Stories

Joshua’s Story

I grew up upstate New York in a town called Ellenville. It was me, my parents, and three other siblings that I grew up with. [We were a] very low-income family, my mom was a volunteer crisis worker. My father was a volunteer firefighter and a factory worker. So we didn’t have much and we moved around a lot. 

There’s one point in time I remember living in a shelter and having to go to school just to shower and change clothes in the nurse’s office just so I [could] be clean and go to class.

I wasn’t raised by my biological family. I was given up at 18 months, and I’ve been with my [adopted] mom and dad since I was 18 months. It was their choice to take me in.

Not every child has the option to be chosen and the fact that they already had two kids and they were willing to take another one just speaks volumes.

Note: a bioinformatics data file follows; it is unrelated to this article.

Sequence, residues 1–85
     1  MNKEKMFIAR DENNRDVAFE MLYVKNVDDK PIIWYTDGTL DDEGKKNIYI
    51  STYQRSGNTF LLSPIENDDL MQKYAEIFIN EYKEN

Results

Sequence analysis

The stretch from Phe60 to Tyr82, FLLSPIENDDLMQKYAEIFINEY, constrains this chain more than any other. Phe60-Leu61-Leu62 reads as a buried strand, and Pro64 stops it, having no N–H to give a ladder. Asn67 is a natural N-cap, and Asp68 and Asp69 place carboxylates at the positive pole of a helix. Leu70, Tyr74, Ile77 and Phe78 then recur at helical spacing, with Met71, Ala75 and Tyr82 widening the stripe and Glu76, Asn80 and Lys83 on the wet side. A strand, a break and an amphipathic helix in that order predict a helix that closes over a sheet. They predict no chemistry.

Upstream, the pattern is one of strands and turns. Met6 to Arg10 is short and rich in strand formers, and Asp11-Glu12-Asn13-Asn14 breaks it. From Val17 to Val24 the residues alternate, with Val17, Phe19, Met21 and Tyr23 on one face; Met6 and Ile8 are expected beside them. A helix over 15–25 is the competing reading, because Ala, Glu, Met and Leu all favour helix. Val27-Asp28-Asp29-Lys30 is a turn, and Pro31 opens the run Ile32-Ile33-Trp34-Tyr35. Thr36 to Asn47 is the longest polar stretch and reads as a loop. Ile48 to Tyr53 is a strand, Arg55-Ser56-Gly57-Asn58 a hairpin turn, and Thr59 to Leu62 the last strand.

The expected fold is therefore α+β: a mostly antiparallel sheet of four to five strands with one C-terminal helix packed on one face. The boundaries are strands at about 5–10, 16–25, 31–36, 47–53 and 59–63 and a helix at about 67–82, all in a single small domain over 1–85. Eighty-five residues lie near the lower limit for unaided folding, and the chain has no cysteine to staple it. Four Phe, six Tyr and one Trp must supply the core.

I found out about my biological parents when I was eight. From there, I just really started acting out. At 13 I started drinking and partying and from there it got bad. The group homes came first, their job was to do family counseling to try to restore the issue.

I found my voice in the group homes. I was in a room full of other boys, which I’ve never been able to really relate to, and had to share a room with people I didn’t know. I met my first gang member friend and learned the power that I had in my voice and empathy. I’ll never forget when he was having an episode, he was really angry and flipping out. The staff was scared and just let him do it. They didn’t want anybody around him, but me and him already established a relationship, so I just walked up to him and said, “hey, let’s talk about it”. And from that moment on, I felt empowered in my voice to say, I have the ability to convince, whatever the case may be.

After the group homes, I finally got out and started acting right. I moved back in with my family, I was 15 or 16. I was never home though, there wasn’t any space for me. I was running away, going to my friend’s house. I was never comfortable for whatever reason, to this day I don’t understand.